As Shadow Minister for Public Health, Sharon responded to a Westminster Hall debate on the elimination of Hepatitis C. NHS England have a target of eliminating the virus by 2025. During her speech, Sharon welcomed this target but also highlighted the challenges that need to be tackled before then.
You can read Sharon's speech below:
Mrs Sharon Hodgson (Washington and Sunderland West) (Lab)
It is a pleasure to serve under your chairmanship, Mr Streeter. I thank the hon. Member for Southend West (Sir David Amess) for securing this important debate and for the work that he has done as co-chair of the all-party group on liver health for many years, as well as for his excellent opening speech today. My hon. Friend the Member for Ealing, Southall (Mr Sharma), a vice-chair of the all-party group, is not in his place today, but I pay tribute to him for the work that he has done to raise awareness of this issue. I thank the hon. Members for Strangford (Jim Shannon) and for Central Ayrshire (Dr Whitford) for their excellent contributions and I thank the hon. Member for Central Suffolk and North Ipswich (Dr Poulter) for his interventions.
Finally, I thank Professor Steve Ryder, whom I met earlier this year, for his expert briefing and for the obvious passion that he has for eradicating hepatitis C in this country as soon as possible. I also pay tribute to the Hepatitis C Trust and the Hepatitis C Coalition for the work that they do.
I welcome NHS England’s ambitious commitment earlier this year to eliminate hepatitis C by 2025, five years ahead of the World Health Organisation’s target. Healthcare professionals and experts are confident that hepatitis C can be eliminated, notwithstanding everything we have heard today about the cap on the treatment. Today is the first time I have heard about that, but I am sure the Minister will respond to the issue in his remarks soon. I remain concerned about some of the challenges that need to be faced by 2025 if the target is to be achieved.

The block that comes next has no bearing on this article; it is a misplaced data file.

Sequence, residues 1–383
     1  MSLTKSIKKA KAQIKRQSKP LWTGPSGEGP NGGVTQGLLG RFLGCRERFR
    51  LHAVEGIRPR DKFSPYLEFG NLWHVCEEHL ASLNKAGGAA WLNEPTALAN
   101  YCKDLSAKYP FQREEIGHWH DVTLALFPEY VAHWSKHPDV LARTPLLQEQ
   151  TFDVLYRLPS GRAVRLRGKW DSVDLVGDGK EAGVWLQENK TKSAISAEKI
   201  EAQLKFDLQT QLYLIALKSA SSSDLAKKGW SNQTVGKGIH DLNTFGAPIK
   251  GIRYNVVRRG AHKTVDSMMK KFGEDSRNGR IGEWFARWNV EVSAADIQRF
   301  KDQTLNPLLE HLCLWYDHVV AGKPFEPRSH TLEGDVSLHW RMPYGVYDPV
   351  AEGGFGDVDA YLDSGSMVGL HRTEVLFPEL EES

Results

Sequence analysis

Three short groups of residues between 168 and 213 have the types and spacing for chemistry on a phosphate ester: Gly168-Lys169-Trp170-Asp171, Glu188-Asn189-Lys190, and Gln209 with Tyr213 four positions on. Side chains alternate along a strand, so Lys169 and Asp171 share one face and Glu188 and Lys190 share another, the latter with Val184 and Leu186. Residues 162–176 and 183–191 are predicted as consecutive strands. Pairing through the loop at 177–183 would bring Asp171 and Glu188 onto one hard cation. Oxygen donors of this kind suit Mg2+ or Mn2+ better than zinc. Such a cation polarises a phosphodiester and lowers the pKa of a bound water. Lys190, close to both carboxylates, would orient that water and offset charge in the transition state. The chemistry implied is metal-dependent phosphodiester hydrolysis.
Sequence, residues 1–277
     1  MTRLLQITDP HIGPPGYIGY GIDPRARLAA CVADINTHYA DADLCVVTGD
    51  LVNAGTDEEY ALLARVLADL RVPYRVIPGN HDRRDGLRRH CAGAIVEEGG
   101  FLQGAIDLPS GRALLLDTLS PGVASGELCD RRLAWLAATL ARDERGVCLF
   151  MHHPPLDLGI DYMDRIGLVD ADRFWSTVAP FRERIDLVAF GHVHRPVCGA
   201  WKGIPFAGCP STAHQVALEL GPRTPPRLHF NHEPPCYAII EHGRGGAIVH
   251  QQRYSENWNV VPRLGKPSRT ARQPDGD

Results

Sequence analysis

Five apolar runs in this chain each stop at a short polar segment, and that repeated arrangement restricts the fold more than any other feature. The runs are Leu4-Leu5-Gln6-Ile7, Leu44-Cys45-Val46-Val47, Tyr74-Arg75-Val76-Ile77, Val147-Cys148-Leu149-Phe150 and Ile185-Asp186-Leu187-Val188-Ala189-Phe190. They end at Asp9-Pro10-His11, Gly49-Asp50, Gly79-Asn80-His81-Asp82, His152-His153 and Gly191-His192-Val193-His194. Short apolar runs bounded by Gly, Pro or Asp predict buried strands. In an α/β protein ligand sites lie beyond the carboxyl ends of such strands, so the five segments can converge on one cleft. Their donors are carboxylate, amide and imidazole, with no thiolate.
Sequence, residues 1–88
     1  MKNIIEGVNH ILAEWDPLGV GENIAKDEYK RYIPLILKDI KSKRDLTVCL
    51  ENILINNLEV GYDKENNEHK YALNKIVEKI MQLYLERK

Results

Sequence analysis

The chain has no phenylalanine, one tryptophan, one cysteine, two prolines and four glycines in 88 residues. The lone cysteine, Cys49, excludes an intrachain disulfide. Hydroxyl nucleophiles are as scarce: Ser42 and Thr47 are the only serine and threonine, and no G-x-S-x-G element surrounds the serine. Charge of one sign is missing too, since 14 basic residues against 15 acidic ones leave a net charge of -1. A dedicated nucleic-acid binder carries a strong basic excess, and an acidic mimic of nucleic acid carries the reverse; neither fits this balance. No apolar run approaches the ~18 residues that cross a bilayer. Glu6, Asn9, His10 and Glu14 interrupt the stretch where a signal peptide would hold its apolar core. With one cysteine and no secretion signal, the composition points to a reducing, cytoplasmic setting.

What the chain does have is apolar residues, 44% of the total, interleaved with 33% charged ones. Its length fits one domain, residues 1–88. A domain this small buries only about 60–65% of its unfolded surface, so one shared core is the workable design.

Hepatitis C, as we have heard, is a hidden disease with patients experiencing few or no obvious symptoms for many years, but its long-term effects can cause severe liver damage if it goes untreated. Across the UK, around 214,000 people are infected with hepatitis C, but I understand that 40% to 50% remain undiagnosed. That huge percentage of people going undiagnosed is one of the biggest challenges to eliminating this virus—we cannot treat people if we do not know who they are. As Professor Paul Klapper and Pam Vallely of Manchester University ask in an article published this year,
“how do we identify those who are infected so that they can be guided into treatment and care?”
As I, and many others, have mentioned today, hepatitis C is a hidden disease. People may be completely unaware that they are living with the virus, and at risk of unknowingly passing it on to those around them. Although awareness of hepatitis C is gradually improving, low awareness and stigma remains a challenge to ensuring that as many people as possible are tested, diagnosed and treated.
Levels of stigma and poor awareness are particularly high among at-risk groups, such as former or current drug users, or those who do not access conventional healthcare facilities, possibly because of fear of being challenged or stigmatised. How will the Government ensure that those at-risk groups are reached—not only for testing but for continued treatment? Again, this is where the cap will come into things; as more people come forward and are diagnosed, we must be able to treat them.
People need continued support throughout their treatment to ensure that they complete the course of medicine—if they do not, it is just a waste of time and money. Will the Government provide extra support to at-risk groups to ensure that that happens? An effective way of raising awareness and breaking down the stigma of hepatitis C is to introduce peer-to-peer messaging programmes for at-risk groups. Such a provision could be increased in settings such as drug services and prisons, and would mean that there will already be an understanding and relationship between the two parties. Has the Minister made any assessment of the role that a peer-to-peer programme might have in achieving the goal of eliminating hepatitis C by 2025?